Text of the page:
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And while these donations are certainly appreciated by those afflicted, Sara makes a valuable point by asking who made them and from what social position this maker speaks. According to a study by sociologist Marybeth C. Stalp (2007), the majority of quilters in the US are white, middle-age and middle-class. These quilters regularly conceptualize their creative activity as a form of carework for their families and the larger community who are usually the beneficiaries of their quiltmaking. For Stalp, this carework is heavily gendered and expressive of women's role as the nurturing and loving carer of the family. It is because of the framework of carework that, according to Stalp, the women can justify spending time away from their other duties and engage in a creative activity they enjoy. Showing love and sympathy for those afflicted becomes a similar form of carework manifested in the physical quilts. Clearly, some of the recipients receive and appreciate the quilts as such tokens of love and support. For example, one user of the above mentioned Instagram feed posted: "I'm from Houston. Thank you for loving us!"
However, such outpours of love - as nice and well-intended as they certainly may be - are often nothing more than just that: a showcase of one's compassion that does not require any engagement with the context of the catastrophe and the wider social and political structures that make certain groups more vulnerable than others. Making a quilt for a Hurricane Katrina survivor from the safety and comfort of one's own home serves as a means to demonstrate empathy and compasssion without being moved to take any action beyond acknowledging that catastrophe has struck some (but luckily not others). As Jamelle Bouie argues, there exists a sort of "capusule summary of Katrina and its place in national memory" that is built on the assumption of a united America in which all citizens experience disaster in similar ways. As such, "white Americans saw the storm and its aftermath as a case of bad luck and unprecedented incompetence" not related to questions of race or class. This narrative, however, ignores how black Americans were disproportionately affected by the storm and its aftermath. Indeed, "in a city defined by decades of poverty, segregation, and deep disenfranchisement, poor and working-class blacks (including the elderly, and children) would largely shoulder the burden of the storm." In a way, making and donating a quilt to survivors as a demonstration of sympathy and love serves as a comfortable means to "help" others without facing the larger issues at stake. The quilts provides comfort not only to the recipient, but also to the maker.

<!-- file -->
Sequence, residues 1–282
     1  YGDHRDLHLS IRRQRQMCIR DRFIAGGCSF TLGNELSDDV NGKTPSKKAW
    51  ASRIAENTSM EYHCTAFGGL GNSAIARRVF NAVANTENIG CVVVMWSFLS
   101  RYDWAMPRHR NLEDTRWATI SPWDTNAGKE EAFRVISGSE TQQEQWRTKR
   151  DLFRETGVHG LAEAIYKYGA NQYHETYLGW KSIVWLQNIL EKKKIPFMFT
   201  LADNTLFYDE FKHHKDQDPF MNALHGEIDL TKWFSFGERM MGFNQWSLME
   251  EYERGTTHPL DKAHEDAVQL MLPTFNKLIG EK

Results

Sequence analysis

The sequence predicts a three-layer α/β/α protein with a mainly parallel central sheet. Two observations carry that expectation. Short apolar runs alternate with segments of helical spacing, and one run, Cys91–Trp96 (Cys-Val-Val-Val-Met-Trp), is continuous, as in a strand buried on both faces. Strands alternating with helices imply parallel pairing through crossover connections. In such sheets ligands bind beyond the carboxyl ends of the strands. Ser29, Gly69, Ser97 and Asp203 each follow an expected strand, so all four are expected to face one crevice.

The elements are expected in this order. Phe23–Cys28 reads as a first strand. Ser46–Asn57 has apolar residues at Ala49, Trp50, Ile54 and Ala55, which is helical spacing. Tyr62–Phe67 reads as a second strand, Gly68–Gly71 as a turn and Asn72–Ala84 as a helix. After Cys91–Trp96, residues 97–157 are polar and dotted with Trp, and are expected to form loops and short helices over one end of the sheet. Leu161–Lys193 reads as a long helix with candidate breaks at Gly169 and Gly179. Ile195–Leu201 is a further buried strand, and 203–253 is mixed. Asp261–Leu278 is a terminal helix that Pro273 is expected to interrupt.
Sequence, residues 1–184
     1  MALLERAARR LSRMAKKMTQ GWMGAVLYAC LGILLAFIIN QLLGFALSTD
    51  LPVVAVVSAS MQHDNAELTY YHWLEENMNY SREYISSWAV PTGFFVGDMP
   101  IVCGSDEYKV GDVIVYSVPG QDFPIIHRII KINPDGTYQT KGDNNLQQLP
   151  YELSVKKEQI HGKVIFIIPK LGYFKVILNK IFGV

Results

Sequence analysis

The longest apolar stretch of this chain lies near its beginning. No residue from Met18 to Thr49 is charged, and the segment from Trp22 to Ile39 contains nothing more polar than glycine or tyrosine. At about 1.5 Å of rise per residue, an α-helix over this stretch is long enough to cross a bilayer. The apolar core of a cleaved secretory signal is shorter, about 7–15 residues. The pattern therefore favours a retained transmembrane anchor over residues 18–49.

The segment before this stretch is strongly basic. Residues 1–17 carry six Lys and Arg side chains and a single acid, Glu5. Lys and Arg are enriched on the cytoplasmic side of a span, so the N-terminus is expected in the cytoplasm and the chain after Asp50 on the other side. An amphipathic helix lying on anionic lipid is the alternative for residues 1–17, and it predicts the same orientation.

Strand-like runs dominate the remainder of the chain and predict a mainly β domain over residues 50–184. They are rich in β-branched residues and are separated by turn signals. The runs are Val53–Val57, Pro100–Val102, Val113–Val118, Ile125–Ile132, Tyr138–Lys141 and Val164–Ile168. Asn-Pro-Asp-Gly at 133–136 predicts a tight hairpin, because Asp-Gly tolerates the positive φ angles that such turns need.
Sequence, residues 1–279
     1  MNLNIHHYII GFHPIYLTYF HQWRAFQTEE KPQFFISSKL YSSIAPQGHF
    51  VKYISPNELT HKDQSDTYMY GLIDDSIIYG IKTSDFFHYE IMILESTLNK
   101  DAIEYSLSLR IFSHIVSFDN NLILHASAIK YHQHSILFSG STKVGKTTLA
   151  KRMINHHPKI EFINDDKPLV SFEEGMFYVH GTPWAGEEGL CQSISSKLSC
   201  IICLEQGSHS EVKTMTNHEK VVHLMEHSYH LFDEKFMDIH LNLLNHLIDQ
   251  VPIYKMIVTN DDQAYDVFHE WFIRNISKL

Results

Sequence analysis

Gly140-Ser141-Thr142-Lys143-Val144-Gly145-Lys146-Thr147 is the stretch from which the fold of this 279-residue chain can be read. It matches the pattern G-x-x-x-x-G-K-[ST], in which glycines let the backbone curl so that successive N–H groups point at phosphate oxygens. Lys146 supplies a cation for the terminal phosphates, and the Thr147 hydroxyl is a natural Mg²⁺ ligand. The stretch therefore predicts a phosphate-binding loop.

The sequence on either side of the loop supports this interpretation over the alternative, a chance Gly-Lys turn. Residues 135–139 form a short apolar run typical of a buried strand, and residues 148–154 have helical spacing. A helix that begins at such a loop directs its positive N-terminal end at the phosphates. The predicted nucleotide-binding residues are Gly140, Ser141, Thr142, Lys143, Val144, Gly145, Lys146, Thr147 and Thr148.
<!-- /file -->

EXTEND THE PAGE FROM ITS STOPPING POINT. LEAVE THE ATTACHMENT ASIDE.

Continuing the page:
This post will be followed by one which explores how quilts can be used as a form of direct political action.